Imagine all the good bits of alcohol with none of the bad.
By combining powerful nootropics herbs that include L-Theanine and other active plants, our Social Blend™ aims to replace alcohol with a relaxing drinking experience that's totally alcohol free.
This means you can do the crime, but skip the time.
Alcohol works by targeting GABA receptors in the brain, releasing Dopamine - the 'feel-good' chemical in the brain.
Our Social Blend™ is designed to boost your alpha brain waves and work with, not against, your dopaminergic receptors to bring you relaxation.
L-Theanine is a naturally relaxing amino acid known to promote relaxation and stress-relief without drowsiness.
Each serving of Social Blend contains a minimum of 150mg.
By boosting alpha brainwaves, it is known to inhibit stress and restore one's calm mental state.
✔ Mental Calm
By combining the highest quality organic Ashwagandha root, with a converting catalyst Vitamin B1, our Social Blend™ is designed to provide the nutrients to help optimise relaxation.
✔ Reduces Anxiety
✔ Calms the Mind
✔ Sounder Sleep
Vitamin B1 - which works both as a standalone ingredient and a catalyst in Social Blend.
Also known as Thiamine, B1 helps and balances your body and mind.
✔ Reduce Fatigue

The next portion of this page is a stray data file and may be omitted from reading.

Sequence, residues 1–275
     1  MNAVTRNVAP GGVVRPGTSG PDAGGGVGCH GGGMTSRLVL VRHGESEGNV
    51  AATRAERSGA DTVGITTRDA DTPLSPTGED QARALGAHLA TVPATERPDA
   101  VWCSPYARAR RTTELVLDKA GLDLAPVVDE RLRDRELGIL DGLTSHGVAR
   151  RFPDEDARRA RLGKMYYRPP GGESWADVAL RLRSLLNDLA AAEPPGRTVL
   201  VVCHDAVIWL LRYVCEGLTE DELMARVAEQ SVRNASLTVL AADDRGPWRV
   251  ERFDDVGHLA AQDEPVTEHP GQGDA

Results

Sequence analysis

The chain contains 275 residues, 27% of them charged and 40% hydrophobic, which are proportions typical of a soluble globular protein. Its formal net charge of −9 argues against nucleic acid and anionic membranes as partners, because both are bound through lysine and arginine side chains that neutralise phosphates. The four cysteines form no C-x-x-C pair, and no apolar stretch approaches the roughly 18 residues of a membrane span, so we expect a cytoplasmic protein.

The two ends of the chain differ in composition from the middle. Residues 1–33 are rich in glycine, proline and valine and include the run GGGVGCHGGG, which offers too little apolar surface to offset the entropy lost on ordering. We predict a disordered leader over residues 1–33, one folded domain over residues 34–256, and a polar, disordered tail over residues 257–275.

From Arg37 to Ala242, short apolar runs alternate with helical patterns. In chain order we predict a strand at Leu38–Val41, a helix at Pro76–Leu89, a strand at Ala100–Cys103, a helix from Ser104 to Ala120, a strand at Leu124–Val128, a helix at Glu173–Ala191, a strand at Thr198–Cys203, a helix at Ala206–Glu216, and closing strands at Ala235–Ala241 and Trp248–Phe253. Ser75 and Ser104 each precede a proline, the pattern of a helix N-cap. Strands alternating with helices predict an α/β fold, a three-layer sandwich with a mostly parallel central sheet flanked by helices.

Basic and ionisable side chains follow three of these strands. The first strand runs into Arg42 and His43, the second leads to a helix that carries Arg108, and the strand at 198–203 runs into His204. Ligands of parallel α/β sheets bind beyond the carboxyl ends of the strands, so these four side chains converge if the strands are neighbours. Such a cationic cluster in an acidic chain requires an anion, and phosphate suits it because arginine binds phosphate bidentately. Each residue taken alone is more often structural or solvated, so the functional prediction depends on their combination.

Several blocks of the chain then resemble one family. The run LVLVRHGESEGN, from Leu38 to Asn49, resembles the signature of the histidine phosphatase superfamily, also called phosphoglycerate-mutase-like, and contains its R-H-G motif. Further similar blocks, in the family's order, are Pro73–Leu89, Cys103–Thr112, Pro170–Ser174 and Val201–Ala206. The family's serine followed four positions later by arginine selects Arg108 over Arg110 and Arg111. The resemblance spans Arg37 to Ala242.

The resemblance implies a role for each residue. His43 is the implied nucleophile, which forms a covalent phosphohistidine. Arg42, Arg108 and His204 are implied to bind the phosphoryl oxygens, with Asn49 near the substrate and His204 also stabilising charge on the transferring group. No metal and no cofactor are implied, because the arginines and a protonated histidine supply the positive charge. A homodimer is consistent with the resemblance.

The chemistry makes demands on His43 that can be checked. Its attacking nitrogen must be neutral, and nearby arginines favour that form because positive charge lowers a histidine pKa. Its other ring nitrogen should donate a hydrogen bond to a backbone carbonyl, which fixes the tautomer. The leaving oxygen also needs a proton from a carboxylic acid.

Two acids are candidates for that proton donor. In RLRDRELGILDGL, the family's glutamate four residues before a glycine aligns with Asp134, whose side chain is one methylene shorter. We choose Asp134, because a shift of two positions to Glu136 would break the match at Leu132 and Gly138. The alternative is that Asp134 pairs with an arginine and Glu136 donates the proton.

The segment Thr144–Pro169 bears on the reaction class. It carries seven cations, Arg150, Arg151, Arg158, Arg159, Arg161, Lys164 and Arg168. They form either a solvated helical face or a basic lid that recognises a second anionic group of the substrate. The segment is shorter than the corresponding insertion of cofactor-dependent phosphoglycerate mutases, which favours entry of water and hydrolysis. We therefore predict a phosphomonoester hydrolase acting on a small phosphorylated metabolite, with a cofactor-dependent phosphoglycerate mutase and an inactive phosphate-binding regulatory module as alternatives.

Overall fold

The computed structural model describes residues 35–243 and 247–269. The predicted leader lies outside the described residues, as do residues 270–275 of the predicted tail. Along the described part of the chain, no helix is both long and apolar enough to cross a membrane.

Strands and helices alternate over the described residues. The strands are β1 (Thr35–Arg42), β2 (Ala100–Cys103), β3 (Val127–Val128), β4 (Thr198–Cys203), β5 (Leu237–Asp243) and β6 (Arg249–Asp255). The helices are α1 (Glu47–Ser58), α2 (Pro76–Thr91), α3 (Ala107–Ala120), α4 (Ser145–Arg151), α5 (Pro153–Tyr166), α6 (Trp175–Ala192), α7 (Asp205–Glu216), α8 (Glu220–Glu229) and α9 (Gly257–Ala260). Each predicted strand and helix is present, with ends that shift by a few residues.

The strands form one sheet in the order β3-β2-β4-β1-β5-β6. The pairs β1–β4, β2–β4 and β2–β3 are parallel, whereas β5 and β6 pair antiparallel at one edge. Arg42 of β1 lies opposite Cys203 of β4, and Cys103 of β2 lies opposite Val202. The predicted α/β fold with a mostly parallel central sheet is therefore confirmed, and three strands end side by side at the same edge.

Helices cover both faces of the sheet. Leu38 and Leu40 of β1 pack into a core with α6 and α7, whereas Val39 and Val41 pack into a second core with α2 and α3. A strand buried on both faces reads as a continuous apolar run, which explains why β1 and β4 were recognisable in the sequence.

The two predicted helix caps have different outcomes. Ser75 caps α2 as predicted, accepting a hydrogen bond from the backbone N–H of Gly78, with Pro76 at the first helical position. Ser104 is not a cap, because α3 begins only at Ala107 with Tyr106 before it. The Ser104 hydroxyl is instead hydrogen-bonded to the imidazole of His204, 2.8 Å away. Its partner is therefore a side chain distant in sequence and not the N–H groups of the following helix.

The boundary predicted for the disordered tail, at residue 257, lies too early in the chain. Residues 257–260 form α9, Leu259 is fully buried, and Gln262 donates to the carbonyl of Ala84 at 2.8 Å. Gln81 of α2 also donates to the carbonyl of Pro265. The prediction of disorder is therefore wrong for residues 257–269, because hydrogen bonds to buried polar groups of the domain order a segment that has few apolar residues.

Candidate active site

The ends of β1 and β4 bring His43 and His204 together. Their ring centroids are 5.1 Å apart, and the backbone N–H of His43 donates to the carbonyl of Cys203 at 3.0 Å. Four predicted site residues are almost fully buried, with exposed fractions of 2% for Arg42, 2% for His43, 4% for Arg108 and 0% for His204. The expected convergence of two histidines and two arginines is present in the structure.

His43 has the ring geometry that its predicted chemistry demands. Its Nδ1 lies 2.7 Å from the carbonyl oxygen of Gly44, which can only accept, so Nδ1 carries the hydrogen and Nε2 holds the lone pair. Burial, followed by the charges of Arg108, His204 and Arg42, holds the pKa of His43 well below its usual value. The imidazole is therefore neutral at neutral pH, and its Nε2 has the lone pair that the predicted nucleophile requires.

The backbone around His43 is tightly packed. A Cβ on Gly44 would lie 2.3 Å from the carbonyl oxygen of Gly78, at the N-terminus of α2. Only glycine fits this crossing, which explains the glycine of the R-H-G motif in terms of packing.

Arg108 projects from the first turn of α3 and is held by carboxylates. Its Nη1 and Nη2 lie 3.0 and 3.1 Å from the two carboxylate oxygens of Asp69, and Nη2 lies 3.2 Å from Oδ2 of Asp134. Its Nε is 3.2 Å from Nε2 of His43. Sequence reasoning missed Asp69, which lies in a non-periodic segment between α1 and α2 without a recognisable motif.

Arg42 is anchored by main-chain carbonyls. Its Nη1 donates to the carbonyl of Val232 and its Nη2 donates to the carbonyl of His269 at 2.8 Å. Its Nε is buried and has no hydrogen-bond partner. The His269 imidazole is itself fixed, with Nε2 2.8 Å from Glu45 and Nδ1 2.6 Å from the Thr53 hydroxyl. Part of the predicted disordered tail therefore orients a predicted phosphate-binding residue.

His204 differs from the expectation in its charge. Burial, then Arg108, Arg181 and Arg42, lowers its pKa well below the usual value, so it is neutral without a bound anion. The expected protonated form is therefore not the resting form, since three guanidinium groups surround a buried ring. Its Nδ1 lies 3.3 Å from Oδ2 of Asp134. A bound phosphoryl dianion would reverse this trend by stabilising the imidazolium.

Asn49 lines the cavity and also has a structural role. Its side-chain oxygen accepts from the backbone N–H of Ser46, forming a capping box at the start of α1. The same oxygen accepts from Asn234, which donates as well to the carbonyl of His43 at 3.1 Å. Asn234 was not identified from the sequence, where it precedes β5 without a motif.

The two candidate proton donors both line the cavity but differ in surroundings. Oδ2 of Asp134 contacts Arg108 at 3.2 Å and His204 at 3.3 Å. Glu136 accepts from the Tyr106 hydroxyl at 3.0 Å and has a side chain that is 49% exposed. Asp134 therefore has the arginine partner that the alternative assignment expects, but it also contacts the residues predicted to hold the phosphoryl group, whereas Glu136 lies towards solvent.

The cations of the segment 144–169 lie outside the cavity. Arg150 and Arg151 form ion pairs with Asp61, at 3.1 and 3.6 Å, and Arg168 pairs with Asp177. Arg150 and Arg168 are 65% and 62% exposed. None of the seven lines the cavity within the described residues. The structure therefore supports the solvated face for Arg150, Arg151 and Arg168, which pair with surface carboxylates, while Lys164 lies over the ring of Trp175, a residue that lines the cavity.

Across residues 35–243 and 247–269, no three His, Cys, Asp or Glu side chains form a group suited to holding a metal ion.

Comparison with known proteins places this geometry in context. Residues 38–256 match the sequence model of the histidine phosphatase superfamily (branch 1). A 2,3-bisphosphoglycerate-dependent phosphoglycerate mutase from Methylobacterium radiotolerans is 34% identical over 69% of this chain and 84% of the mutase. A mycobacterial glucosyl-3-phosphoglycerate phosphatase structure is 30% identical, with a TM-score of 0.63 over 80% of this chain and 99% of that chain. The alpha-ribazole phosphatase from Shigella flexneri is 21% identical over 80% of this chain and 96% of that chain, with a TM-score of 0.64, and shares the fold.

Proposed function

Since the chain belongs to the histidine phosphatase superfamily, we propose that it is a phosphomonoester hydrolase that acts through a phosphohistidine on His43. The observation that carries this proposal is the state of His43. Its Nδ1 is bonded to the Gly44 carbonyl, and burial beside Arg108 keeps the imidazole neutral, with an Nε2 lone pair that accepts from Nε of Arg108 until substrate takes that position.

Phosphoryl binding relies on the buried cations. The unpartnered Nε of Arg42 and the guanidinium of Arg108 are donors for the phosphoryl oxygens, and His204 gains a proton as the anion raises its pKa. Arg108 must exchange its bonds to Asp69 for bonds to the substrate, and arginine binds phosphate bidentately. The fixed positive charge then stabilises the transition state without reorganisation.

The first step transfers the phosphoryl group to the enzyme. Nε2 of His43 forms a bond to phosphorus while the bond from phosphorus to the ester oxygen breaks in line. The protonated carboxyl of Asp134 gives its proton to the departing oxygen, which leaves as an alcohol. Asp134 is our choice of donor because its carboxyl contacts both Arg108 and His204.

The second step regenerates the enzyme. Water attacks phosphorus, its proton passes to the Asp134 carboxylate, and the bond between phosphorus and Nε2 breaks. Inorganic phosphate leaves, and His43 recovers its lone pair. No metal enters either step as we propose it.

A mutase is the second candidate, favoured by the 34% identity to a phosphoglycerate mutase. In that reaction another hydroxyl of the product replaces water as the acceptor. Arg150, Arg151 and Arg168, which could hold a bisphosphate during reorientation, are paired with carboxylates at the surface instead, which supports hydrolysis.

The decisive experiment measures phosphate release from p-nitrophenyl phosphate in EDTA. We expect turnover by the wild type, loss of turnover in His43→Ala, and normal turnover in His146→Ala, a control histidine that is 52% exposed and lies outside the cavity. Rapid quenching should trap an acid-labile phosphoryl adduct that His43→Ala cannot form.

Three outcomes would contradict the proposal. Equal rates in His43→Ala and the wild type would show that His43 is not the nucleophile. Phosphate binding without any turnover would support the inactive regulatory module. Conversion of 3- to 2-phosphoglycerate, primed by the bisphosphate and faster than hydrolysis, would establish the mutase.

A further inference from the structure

✔ Sounder Sleep
✔ Stablise Mood
1. Mason R. L-Theanine Boosts Alpha Waves, Promotes Alert Relaxation. Alternative and Complementary Therapies.2001;7(2):91-95. doi:10.1089/10762800151125092
- This study evaluates the effects of L-theanine, an amino acid found in green tea, on alpha waves in the brain. The study had healthy adult participants who were given either a placebo or 200 mg of L-theanine. The results showed that L-theanine significantly increased alpha wave activity in the brain, indicating a state of alert relaxation. The study concluded that L-theanine may be beneficial for promoting relaxation without causing drowsiness.
2. Higashiyama A, Htay HH, Ozeki M, Juneja LR, Kapoor MP. Effects of l-theanine on attention and reaction time response. Journal of Functional Foods. 2011;3(3):171-178. doi:10.1016/j.jff.2011.03.009
- This study investigated the effects of l-theanine, an amino acid found in green tea, on attention and reaction time response. Adult healthy participants were randomly assigned to receive either l-theanine or placebo. The results showed that l-theanine significantly improved both accuracy and reaction time in a task measuring attention and reaction time response. Furthermore, l-theanine was found to reduce heart rate and salivary immunoglobulin A levels, indicating a decrease in stress levels. These results suggest that l-theanine may be beneficial for improving attention and reaction time response in healthy individuals.
3. Gomez-Ramirez M, Kelly SP, Montesi JL, Foxe JJ. The effects of L-theanine on alpha-band oscillatory brain activity during a visuo-spatial attention task. Brain Topography. 2009;22(1):44-51. doi:10.1007/s10548-008-0068-z